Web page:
I had a lovely day out last week. A day at the V&A last week. I booked a few months back to see the Dior Exhibition I was really excited about seeing all the glamour, I’ve seen so many pictures of the Dior exhibition on Instagram. On arrival, I spotted the Mary Quant Exhibition and decided to buy a ticket for that too.
I’m sharing with you today the Mary Quant exhibition first and next week the Dior exhibition, so don’t forget to pop back for that! I thought both exhibitions were amazing.
Don’t ask how I managed to get that shot totally on my own. It was super busy. I just got lucky, or should I say my cousin that I went to the exhibition with was!.
The Mary Quant exhibition was two floors high. The lower part featured lots of films all about the history of this woman that changed fashion in the sixties. I remember fashion in the late sixties, mum was a real fashionista but Mary Quant was born literally the year that I was in 1963.
“The whole point of fashion is to make fashionable clothes available to everyone.” – Mary Quant
Mary Quant and Biba, both located on the Kings Road in London were brands targetting young teenage girls and the young working woman. It was all very new. There was a real shift in the late fifties regarding fashion, and the Mary Quant label was frowned upon quite a bit in the media.
The mini skirt and hotpants were her claim to fame. Maybe just the change in direction, giving teenagers and young women new choice is really what made the fame? Can you imagine all the arguments between parents and child if you were a teenager!
Mary Quant was one of the first mass producers of clothing
After not being able to find inspiring items to buy and sell from her boutique, Mary set about designing her own clothing. Starting off with a few seamstresses, this rapidly grew into an empire, selling all over the world.
I loved browsing all the clothes but other things caught my eye like the paper carrier bags with such vibrant designs on them. Why can’t stores do that now? So much better than plastic.
I have a photo of me when I was a little girl sitting next to the Christmas tree in a near-identical dress to this. I wish I could find it and share it with you.
I didn’t know that Mary designed underwear too. The whole exhibition was really interesting and I later found out that it was Mary quant who re-designed the continental quilt that we all have on our beds today instead of blankets and bedspreads.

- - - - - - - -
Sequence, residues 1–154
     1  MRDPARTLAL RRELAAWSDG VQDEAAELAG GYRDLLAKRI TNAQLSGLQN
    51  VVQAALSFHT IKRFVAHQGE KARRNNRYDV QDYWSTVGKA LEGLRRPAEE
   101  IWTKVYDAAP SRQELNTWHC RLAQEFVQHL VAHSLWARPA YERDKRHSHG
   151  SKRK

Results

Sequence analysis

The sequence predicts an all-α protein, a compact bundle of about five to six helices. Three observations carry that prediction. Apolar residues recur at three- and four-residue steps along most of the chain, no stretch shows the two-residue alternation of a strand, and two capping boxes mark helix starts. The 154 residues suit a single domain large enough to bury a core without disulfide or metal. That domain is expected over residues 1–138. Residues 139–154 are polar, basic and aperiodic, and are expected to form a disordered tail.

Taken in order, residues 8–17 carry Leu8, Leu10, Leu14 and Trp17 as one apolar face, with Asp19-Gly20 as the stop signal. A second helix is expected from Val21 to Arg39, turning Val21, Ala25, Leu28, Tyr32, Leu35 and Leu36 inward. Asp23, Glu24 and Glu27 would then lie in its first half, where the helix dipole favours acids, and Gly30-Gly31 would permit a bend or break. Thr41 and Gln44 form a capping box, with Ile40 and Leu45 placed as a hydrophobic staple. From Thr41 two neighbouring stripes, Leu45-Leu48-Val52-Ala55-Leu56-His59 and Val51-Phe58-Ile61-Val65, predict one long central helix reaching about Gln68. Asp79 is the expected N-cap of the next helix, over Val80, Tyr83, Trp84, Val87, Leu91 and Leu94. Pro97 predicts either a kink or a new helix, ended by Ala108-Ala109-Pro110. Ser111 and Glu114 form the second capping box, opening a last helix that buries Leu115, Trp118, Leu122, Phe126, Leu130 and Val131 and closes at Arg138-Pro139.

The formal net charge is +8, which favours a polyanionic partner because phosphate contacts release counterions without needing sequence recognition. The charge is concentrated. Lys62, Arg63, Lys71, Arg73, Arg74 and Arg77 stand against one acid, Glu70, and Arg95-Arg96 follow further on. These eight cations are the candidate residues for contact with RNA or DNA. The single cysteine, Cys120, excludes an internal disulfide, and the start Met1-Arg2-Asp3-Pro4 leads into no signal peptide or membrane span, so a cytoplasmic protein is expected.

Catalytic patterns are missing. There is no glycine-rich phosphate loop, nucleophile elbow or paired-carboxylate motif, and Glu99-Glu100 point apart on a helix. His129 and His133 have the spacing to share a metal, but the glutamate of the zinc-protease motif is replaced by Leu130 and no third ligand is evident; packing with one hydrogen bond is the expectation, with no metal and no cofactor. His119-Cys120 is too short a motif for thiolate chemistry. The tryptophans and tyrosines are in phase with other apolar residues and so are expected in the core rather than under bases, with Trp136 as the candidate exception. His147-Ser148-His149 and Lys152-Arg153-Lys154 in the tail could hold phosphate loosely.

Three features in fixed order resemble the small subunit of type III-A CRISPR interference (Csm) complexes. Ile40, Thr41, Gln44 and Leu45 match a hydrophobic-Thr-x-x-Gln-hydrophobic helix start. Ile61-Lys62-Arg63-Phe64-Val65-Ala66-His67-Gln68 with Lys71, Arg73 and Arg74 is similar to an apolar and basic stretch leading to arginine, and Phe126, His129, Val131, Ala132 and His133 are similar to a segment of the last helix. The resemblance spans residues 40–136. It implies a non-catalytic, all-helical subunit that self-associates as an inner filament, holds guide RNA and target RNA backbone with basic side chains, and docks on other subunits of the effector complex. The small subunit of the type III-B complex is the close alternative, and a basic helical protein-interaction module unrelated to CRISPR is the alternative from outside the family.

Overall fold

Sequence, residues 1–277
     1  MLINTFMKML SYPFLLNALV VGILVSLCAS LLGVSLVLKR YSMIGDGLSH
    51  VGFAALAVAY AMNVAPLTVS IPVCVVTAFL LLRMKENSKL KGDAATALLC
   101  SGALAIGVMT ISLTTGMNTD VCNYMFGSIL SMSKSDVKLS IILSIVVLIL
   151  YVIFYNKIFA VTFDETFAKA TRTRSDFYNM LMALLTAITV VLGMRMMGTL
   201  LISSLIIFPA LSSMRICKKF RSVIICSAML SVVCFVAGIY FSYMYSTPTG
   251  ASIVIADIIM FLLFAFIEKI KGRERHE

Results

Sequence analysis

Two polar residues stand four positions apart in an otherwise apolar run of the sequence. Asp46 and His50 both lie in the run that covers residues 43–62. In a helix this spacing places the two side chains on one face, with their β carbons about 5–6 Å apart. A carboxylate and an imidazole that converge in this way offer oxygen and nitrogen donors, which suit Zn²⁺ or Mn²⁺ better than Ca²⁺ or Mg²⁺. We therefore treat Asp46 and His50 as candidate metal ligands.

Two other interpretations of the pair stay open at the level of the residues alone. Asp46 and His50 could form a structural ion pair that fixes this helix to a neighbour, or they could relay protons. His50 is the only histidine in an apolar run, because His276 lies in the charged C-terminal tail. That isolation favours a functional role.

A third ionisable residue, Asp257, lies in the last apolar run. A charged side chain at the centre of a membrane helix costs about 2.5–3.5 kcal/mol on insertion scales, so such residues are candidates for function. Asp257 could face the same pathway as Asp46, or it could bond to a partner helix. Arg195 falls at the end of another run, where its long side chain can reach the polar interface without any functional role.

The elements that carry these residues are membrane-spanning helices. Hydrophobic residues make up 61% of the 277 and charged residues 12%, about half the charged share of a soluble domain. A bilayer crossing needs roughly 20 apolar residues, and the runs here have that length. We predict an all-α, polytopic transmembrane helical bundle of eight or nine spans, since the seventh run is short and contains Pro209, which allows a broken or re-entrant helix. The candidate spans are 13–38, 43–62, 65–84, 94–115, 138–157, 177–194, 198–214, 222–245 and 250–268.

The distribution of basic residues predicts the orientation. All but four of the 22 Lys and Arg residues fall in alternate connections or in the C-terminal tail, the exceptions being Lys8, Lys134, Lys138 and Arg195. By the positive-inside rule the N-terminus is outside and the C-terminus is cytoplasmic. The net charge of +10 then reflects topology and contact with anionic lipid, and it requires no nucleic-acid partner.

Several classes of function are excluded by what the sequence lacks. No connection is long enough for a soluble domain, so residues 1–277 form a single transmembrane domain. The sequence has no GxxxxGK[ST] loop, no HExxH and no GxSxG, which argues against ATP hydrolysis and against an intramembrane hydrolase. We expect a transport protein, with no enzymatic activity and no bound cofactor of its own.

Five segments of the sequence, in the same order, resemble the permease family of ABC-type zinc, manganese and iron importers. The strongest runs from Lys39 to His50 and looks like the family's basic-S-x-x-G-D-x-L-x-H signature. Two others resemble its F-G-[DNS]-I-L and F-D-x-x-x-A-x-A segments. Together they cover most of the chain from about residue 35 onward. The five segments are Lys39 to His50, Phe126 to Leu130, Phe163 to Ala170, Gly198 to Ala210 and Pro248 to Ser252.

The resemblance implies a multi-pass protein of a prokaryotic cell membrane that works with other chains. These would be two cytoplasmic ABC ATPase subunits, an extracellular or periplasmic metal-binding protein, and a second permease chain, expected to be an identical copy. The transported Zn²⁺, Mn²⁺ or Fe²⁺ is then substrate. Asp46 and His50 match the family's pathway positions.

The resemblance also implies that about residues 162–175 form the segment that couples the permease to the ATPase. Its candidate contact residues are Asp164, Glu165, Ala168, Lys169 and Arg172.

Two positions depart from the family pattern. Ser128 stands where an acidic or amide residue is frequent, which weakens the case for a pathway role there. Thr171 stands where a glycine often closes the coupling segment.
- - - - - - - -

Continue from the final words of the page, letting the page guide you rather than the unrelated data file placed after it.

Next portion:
It was Mary who made bright coloured tights so fashionable including the lurex variety. Everything is so colourful. Can you imagine being a young woman during this era? or were you even? I’d like to hear what you thought of it. It must have been so exciting and like a breath of fresh air.
Mary Quant make up
I do remember the makeup. I remember my brother’s girlfriend giving me her cast-offs of nail varnish and eye shadows. It was like being given the crown jewels!
The long strip of lashes caught my eye. I’m surprised we can’t buy them like that now. Or maybe we can and I’ve just not seen them. I’m wondering what the tan was like. I wonder how bad it smelt!
The Mary Quant Daisy Doll
Now, this brought memories flooding back! I still have my original Daisy doll stored away. Minus any hair, I must add. None of my dolls kept their hair very long after being adopted by me!
I also remember having this book. Did any of you have it? The Daisy doll was by far my favourite doll, hence why I couldn’t part with mine.
Clothes were copied from real fashion collections and Daisy was just sooo cool. I liked her more because she was smaller than the Cindy or Barbie dolls like me I guess!
Each boxed doll came with a folded small poster. I remember making my wishlist, which outfit I would like to put my Daisy into next. £1.30 per doll! The one I had is the one in the Gingham red dress on the right.
My cousin made a joke that the photo above was just like me and Beau! The dimensions are pretty spot on! I have since browsed eBay for a good condition Daisy doll but they’re really expensive! I’m so tempted to collect it all again.
It was a fabulous trip down memory lane looking at everything. There will be a film soon on my YouTube channel where so much more can be seen. The exhibition is on until February 2020 so you have plenty of time to visit.